January 9, 2008
Postcard: The Warriors' Wayne-ing Moments

By Jess Myers

MINNEAPOLIS – Undoubtedly, some of you grumbled about the commute and another week of work on Monday morning. Or maybe you dragged yourself out of your dorm room’s single bed not exactly enthused about walking to your first morning class, gloomy about the coming week in academia.

In either case, consider the story of Bill Wilkinson and his 20-odd players toiling on the rink for Wayne State, for the next two months anyway. And think about how good you have it.

Wilkinson and Co. bussed from Detroit to Minneapolis and back (a round trip of more than 1,300 miles and roughly 24 hours, depending on how much traffic you hit in Chicago) last weekend to give up 10 goals and pick up two losses at Minnesota. They were the seventh and eighth consecutive losses for the Warriors, who will cease to exist as a team in March when the school officially drops its men’s hockey program.

Grin and bear it: Just 16 regular-season games remain for sophomore defenseman Ryan Bernardi and the Wayne State hockey program, but the Warriors are hardly playing out the string.

But if you expected a grumpy scowl from Wilkinson Saturday night in the few minutes between the post-game handshake and boarding the bus for the long ride home, you got a pleasant surprise outside the Warriors’ locker room. As he’s done throughout a coaching career that’s spanned more than a quarter-century and included four trips to the NCAA tournament, Wilkinson wore a slightly exasperated yet friendly smile as he talked about the game and his program’s impending demise.

Rookie goalie Mike Devoney had never seen ice time in a real game prior to last weekend, but Wilkinson let him finish both games against the Gophers, cognizant of the fact that he’s got underclassmen who could contribute to other college programs next year.

“Mike came in and I thought he did a hell of a job facing some difficult shots. Then we got a couple of goals and it became a game,” said Wilkinson, recounting the Warriors’ 5-2 loss. “They’re all auditioning.”

On Friday, the Warriors’ first goal of the weekend came when a Gopher breakout attempt was stopped, and Wayne State defenseman Ryan Bernardi found Jared Katz with a pass from the blue line. Katz, who was camped in front of the Minnesota net without an opponent within eight feet of him, tucked the puck low past Minnesota goalie Brent Solei, briefly tying the game at 1 (the Gophers went on to win 5-1.)

“Fortunately Katz wasn’t backchecking, so he stood there all alone and we found him the puck,” Wilkinson joked afterward. “Sometimes a bad thing becomes a good thing.”

If a few Warriors can turn the end of their Wayne State careers into new opportunities at other schools next year, a silver lining may emerge from the dark clouds that accompany a program’s demise. But for now, it’s nothing but bad news for college hockey, and for a coach and a team that deserve better than what they’ve gotten. Forced to shuttle between an outdated rink near campus and a nice rink closer to Ann Arbor than downtown Detroit, it’s not surprising that there have been insurmountable challenges in attracting top talent and ticket buyers to Wayne State hockey. Those troubles, added to the uncertain future of College Hockey America, were factors in the school’s decision to pull the plug at season’s end.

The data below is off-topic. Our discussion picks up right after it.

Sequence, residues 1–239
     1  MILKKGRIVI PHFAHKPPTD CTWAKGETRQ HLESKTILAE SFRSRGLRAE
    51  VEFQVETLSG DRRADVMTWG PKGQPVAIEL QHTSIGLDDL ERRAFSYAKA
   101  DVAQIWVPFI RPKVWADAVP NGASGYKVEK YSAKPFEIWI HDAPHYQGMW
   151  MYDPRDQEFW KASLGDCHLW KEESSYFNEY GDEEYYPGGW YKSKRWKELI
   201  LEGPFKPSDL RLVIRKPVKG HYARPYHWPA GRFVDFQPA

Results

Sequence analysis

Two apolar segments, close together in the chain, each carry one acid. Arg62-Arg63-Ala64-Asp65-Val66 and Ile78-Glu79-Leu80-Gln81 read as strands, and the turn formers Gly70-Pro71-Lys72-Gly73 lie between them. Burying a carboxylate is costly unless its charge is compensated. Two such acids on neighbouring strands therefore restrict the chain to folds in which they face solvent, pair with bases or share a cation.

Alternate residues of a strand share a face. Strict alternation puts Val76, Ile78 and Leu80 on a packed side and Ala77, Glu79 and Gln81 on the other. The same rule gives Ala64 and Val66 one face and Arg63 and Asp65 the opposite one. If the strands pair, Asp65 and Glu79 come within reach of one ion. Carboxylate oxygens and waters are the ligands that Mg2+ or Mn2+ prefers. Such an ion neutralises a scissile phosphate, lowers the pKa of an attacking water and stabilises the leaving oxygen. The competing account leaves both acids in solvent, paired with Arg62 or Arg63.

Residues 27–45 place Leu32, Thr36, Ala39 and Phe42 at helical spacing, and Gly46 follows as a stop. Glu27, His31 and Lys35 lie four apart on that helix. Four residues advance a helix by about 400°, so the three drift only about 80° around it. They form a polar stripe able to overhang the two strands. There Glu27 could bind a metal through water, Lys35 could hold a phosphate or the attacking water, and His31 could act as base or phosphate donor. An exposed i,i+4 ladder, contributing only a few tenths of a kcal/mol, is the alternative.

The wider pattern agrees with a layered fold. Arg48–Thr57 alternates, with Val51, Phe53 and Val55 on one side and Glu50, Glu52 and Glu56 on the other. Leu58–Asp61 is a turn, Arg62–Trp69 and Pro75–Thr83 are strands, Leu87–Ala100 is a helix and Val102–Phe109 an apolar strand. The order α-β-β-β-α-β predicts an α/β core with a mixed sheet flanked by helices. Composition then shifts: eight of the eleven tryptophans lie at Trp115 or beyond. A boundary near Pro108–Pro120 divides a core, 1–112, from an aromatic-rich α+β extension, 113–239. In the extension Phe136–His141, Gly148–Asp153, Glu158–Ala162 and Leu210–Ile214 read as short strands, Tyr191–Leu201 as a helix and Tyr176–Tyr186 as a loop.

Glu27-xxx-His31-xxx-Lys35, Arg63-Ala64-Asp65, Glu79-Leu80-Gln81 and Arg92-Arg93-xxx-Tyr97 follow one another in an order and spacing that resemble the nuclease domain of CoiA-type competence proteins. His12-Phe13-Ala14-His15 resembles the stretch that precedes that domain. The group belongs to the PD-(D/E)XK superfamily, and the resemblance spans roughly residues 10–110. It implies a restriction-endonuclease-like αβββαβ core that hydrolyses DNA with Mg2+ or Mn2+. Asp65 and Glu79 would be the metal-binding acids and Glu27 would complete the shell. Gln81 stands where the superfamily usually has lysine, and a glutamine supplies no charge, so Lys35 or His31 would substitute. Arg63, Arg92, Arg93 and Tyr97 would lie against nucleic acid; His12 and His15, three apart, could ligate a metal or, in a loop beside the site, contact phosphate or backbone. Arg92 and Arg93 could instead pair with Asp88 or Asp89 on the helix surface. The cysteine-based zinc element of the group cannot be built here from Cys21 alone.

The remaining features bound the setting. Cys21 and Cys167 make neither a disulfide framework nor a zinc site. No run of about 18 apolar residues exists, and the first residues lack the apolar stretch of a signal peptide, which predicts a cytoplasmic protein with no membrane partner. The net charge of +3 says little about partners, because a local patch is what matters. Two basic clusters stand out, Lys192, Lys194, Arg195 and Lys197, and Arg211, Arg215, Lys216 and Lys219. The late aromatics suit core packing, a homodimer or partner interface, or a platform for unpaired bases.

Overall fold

But if the Warriors 3-15-2 record and their eight straight losses lead you to believe that Wilkie and Co. are content to play out the string, you probably didn’t see them turn a 4-0 deficit into a 4-2 game in the third period at Mariucci Arena Saturday. That resiliency, the coach says, is typical of players determined to give it their all until the final horn of the final game.

“It has been (disheartening) to an extent, but I give the kids a ton of credit. They’ve handled it very well,” Wilkinson said. “You can look at tonight, how we worked hard to the very end. I don’t think the kids turned tail and gave up the ghost. They worked to the bitter end. It’s a sign that the kids want to play and do the best they can under the circumstances.”

While looking for future opportunities for his players, Wilkinson has paused to consider his own future as well. The three-time CCHA coach of the year (during his 17 seasons at Western Michigan) says the coaching fire still burns, but he may say goodbye to the college game.

“I hope it’s not it for me,” he said. “I’m not looking to stay at the college level. I’ll maybe try the pro level or Europe or something. Our kids are all grown and out of the house, so [my wife] Mary and I can pack up and go.

“I’m not looking for a condo in Florida just yet. I may be looking for a condo in Ireland though,” he added with a laugh.

With that, he headed for the bus. Next week, the Warriors will board another bus for a slightly shorter ride. This time it will be only 16 hours and close to 1,000 miles round trip when they visit Northern Michigan for two games. And if the Wildcats are licking their chops, ready for a pair of easy wins when the seemingly down-and-out Warriors come to town, they know little of the coach and the players from college hockey’s only endangered species.

Wilkinson summed it up best after his team put a scare in the Gophers last weekend in the last meeting those teams will ever have.

“Well, we may be dead,” he said with a grin, “but we’re not buried.”